2. Struggles with understanding other people’s or their own feelings

This is the largest reason as to why autistic children have trouble developing friendships. Because of their lack of understanding about their own feelings, and in turn other people’s, they are unable to communicate like how a “normal” child would. Their actions and words are often blunt to the point of being rude or sometimes incomprehensible. However, they are not being rude. They simply do not understand that the words they have spoken are even capable of hurting someone’s feelings.

Rei dejected having failed to teach the Kawamoto sisters shogi (Source)

Rei illustrates this particular trait multiple times in the series and continues to do so in the second season. One of the biggest moments in the first season was how he struggled with teaching Hinata how to play shogi. He bluntly begins to spit out everything he knows at once and is absolutely perplexed at the idea that Nikaidou’s illustration of cats representing each shogi piece even helps facilitate the understanding of shogi at all. Rei never fully comprehended just how confused and, in a sense, how small he made Hinata feel when he just bluntly spoke out every bit of knowledge he had on shogi, and neither did he understand that he might’ve hurt her in any way.

This is even reflected in his past when he could not make any friends at school. The classmates’ side conversations are often about how “weird” he was and how he didn’t “talk normally”. This immediately hints at Rei’s struggles with communication even as a child, and an even bigger sign is the fact that he does not understand what it is that makes him so weird and neither does he particularly care. He somehow knew he was different, and there was nothing else for him to explore. His struggle to understand his own emotions continues into the second season where he feels an indescribable rage and hatred towards the bullies after Hinata’s terrible experience with bullying. But what stood out to me from that scene isn’t the reveal that he clearly cares about Hinata so freaking much, rather that he doesn’t even understand why he feels that way at all and seems to be completely oblivious to the signs of how deep his emotions ran for the young Kawamoto girl. The struggle for autistic people to understand their own feelings is a fairly complex topic, and for anyone who’s interested in reading more about it can click here for a well-written article.

3. Remains nonverbal or has delayed language development

I included this because it is one of the biggest signs for autism in a child, but I actually do not have any proof of Rei from the anime itself. Since this is a sign usually reserved for babies as they learn to talk, there is simply not enough material to use as examples. However, because this is such an important sign for autism, I thought it was too important to not list out.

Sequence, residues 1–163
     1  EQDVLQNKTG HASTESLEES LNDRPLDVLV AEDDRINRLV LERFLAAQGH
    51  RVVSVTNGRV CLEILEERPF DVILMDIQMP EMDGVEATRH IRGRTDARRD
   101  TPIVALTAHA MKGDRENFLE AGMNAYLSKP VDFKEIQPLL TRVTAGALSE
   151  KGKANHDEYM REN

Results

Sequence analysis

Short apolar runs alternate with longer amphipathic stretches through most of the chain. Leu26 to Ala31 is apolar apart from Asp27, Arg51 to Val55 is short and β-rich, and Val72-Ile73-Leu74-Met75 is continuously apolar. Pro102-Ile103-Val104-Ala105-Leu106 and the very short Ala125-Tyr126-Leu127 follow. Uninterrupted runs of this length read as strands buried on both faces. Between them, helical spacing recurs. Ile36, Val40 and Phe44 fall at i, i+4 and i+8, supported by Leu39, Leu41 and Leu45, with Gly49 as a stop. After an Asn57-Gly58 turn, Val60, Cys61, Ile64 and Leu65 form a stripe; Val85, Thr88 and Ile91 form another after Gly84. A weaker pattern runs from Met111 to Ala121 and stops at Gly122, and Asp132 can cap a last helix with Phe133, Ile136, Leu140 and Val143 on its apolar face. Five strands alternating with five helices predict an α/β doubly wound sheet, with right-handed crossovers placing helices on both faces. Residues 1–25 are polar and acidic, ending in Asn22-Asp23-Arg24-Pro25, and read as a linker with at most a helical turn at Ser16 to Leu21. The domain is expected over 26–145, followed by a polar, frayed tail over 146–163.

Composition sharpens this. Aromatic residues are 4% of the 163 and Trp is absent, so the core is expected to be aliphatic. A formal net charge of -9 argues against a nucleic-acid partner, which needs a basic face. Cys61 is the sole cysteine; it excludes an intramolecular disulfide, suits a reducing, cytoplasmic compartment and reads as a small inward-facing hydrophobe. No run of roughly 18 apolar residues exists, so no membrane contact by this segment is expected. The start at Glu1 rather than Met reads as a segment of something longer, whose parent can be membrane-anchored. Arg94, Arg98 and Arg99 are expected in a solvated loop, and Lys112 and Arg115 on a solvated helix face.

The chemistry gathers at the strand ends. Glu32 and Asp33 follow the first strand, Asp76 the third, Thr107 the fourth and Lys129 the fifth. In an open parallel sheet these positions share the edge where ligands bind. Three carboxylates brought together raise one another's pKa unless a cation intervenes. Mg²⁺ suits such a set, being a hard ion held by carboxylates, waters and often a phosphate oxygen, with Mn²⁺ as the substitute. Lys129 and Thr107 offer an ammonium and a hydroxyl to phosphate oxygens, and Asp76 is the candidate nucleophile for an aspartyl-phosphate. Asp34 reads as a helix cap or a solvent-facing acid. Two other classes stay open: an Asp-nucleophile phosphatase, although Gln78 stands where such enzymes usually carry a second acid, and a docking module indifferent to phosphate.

4. Gets upset by minor changes in routine or surroundings

Nikaidou’s disruptions (Source)

This particular detail is largely played for laughs as the Kawamoto family, Nikaidou, and his beloved science teacher constantly disrupts Rei’s well planned and simple life, much to his annoyance and exasperation. However, has anyone noticed exactly how identical each of his day largely is? He wakes up at the same time, practices for a majority of his free time, goes to school to sit on the stairways with the same lunch every day, and then heads off for shogi practice or shogi competitions.

If Rei lived with no outside interactions, I sincerely believe he would live the exact same day every single day for the entire year. And that in particular is not a very “normal” thing to do. Autistic people live on schedules and patterns and can react very poorly to any changes to what they see as a “perfect” or uniform life. In the anime’s case, the interruptions and surprises are intended to be good for Rei as he learns to branch out with new people and new experiences in life. But do not forget just how flustered and how lost he was in the first few episodes when his schedules had to accommodate the unexpected changes.

5. Has highly restricted/specified linear interests

Rei’s extremely linear interest in shogi (Source)